Incredible Performance Divergences in First Quarter 2022
by Rob Stoll, CFP®, CFA Financial Advisor & Chief Financial Officer / March 24, 2022
This year’s first quarter is one of the craziest quarters we’ve seen in terms of market performance. We noted at the beginning of the year that 2022 was shaping up to be a more volatile year because of inflation. But frankly, we didn’t expect the eruption of conflict between Russia & Ukraine, which created even more uncertainty. Now that we’re nearing the end of March, it’s a good time to do a “tale of the tape” on the incredible performance divergences we’ve seen in the First Quarter of 2022.
Commodities, Commodities, Commodities
The commodities asset class is one that investors have struggled with for a long time. It’s not correlated with moves in stocks or bonds. And over the last decade, many investors wrote commodities off as a waste of time.
We at FDS have always included an allocation towards commodities in client portfolios because it’s uncorrelated with stocks and bonds. If you’re building a well-diversified portfolio, you need to have asset classes that aren’t correlated with each other. That way, you can take advantage of relative moves between them, trimming “winners” and buying “losers”.
Commodities have been the only area of the market to generate positive investment returns in 2022. This is good and bad. It’s good if you own commodities in your portfolio. But it’s bad to pay higher gas prices and watching food inflation take off. The Russia/Ukraine conflict has created even more tightness in the commodities space.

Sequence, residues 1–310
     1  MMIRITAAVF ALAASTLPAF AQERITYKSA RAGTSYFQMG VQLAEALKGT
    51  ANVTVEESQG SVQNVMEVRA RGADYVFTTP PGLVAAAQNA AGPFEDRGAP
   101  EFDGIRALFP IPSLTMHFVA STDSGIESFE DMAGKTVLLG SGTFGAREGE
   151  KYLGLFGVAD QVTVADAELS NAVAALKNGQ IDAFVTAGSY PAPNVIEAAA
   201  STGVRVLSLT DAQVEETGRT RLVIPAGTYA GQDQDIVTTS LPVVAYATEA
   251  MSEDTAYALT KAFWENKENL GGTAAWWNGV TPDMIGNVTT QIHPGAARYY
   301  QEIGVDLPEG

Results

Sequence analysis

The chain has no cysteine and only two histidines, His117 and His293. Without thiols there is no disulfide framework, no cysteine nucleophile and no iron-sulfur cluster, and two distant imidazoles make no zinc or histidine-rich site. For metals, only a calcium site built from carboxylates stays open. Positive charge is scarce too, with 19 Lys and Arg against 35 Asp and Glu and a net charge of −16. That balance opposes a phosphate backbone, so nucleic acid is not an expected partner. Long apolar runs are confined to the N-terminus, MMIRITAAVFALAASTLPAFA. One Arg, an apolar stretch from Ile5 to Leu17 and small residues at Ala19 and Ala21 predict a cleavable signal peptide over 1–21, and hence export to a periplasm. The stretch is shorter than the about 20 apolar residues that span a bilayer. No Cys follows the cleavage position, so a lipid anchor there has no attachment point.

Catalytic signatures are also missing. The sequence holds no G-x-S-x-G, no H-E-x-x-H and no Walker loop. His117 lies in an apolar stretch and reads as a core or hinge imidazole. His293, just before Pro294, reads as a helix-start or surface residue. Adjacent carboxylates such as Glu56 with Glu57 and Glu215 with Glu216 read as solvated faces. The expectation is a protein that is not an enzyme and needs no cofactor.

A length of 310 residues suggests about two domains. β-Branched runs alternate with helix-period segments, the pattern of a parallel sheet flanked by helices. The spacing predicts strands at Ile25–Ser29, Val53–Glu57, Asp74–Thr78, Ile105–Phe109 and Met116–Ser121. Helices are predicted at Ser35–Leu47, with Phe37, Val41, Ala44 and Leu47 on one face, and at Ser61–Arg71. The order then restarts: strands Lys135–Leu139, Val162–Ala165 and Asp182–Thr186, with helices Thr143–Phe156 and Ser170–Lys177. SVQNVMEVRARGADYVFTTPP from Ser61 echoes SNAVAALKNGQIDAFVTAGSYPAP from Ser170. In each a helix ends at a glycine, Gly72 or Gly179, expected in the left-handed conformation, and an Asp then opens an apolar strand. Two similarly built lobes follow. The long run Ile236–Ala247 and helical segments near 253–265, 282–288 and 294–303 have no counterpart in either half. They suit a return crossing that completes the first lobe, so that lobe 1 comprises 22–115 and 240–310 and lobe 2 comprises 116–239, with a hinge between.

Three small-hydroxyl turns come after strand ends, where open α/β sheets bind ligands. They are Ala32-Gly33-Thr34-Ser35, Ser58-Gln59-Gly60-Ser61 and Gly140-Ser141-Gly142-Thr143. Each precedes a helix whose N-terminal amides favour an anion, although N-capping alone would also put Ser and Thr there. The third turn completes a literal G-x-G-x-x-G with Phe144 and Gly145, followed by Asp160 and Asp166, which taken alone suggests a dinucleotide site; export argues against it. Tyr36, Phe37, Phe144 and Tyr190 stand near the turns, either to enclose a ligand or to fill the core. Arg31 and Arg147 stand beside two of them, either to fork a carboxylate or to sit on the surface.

Given how volatile commodities are, it wouldn’t surprise us to see prices come down a lot in coming months. But there’s a “floor” sitting underneath all these commodities as underinvestment in energy exploration will lead to higher sustained energy prices than what we saw pre-pandemic.
Poor Start to 2022 for Stocks
“I don’t want to see what the market is doing!” We’ve heard that comment from more than one client in the early part of this year. And it’s a good thing because there has been little positive news to see in recent weeks.
Other than the United Kingdom, global equity investors have struggled regardless of where they invested. U.S. stocks are down 5% so far this year, while international stocks are down 6-7%.
Notable in the early part of 2022 is how the technology-heavy S&P 500 and NASDAQ 100 indexes have lagged. Higher sustained inflation is a headwind to growth stocks, as we note below.
Value Sectors Turning Around?
Several weeks ago, we theorized that value stocks may finally turn into the market’s leaders after a decade of getting crushed by growth stocks. We noted that value vs. growth performance moves in multi-year cycles. Are we seeing this turn now?
Looking at this list from top to bottom, you definitely see value sectors doing much better than growth sectors. Energy is the obvious winner given how high oil & gas prices have risen. But Financials and Utilities have also done pretty well.
At the time we wrote the piece noted above, we noted how small many “value” sectors had become in recent years. Even with the performance divergence in the first quarter of 2022, these sectors remain small. For example, the Energy sector is still just 3.9% of the overall S&P 500 Index despite being up 36%!